Second Avenue Bike Lane Gap Won’t Be Filled This Year
The nine-block redesign is just one of several protected bike lanes whose implementation has been delayed.
The de Blasio administration has put off a widely supported improvement to a dangerous stretch of the Second Avenue bike lane near the 59th Street Bridge — the latest in a growing list of delays of street-safety projects.
The project will now have to wait until at least next year, according to correspondence between the Department of Transportation and Council Members Keith Powers and Ben Kallos. In July, DOT said implementation would happen in November. Community Board 8 backed the plan back in September.
The delay has frustrated Josefina Bahamondes, who rides up Second Avenue daily on her commute from Jackson Heights to the Guggenheim Museum and is appalled by the current gap.
“It’s really a bad design, and I was telling everyone [at work about the redesign],” she told Streetsblog. “We were so happy that this would happen. Now I need to share this with them and they will be so disappointed.”
The plan would extend the Second Avenue protected bike lane southward from 68th Street to 59th Street, though the lane will only be “protected” by parked cars during off-peak hours.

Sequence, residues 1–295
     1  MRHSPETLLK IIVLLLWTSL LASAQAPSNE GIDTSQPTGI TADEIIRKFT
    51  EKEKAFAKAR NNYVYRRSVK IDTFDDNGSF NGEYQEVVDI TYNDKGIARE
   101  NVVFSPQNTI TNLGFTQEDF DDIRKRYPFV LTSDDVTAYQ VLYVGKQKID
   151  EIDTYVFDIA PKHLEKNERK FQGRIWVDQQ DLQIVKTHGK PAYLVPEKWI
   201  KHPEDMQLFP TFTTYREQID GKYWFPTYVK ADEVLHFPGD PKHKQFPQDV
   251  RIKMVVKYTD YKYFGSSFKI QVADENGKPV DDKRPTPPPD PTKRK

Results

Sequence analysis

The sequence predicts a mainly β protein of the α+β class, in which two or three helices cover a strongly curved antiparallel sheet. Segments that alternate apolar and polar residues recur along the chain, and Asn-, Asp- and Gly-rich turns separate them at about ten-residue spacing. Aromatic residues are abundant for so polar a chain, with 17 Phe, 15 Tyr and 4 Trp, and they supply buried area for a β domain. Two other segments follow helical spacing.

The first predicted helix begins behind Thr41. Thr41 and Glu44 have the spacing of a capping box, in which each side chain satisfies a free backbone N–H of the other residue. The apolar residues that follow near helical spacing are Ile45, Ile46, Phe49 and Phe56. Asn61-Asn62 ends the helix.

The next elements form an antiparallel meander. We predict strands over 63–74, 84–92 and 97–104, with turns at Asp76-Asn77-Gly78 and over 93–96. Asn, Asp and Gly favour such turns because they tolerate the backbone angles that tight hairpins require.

Nonetheless, last week, Powers and Kallos “implored” DOT Commissioner Polly Trottenberg to finish the work by the end of the year [PDF]. Trottenberg said installation would begin this year, but promised only that her workers “expect to complete this design next year.”
Thanks again to @KeithPowersNYC and @BenKallos for urging closure of the #2ndAveGap this year! Unfortunately months of delay in the CB process mean that @NYC_DOT can’t make any promises by the Queensboro Bridge for 2018. This step toward #bikenyc/ped safety to come by next year. pic.twitter.com/H9kVUpQoyJ
— Ryan Smith (@smithry00) October 16, 2018
Of course, the plan does not create a true protected bike lane because cars will only be allowed to park during off-peak hours — similar to segments installed further south in 2017. The lack of protection means lower rates of people biking: Since the redesign, the number of people biking is up just 36 percent, compared to 105 percent where protection is in effect at all times.
“It’s beyond frustrating to see DOT repeating and expanding a fundamentally broken design,” said Transportation Alternatives Queens co-chairman Macartney Morris, who personally lobbied the mayor to make the protection permanent. “DOT knows that without physical barriers, cars and trucks will park in the bike lane.”
Mayor de Blasio’s commitment to street safety improvements has been inconsistent since he defied a Queens community board to bring paired protected lanes to Sunnyside. Second Avenue is now on the delayed-projects list with Dyckman Street, where the mayor has yet to decide whether to reinstall lanes that DOT removed; phase four of Queens Boulevard, which is stalled despite being the administration’s signature street safety project; and Morris Park Avenue in the Bronx, where the city has apparently shelved its bike lane plan.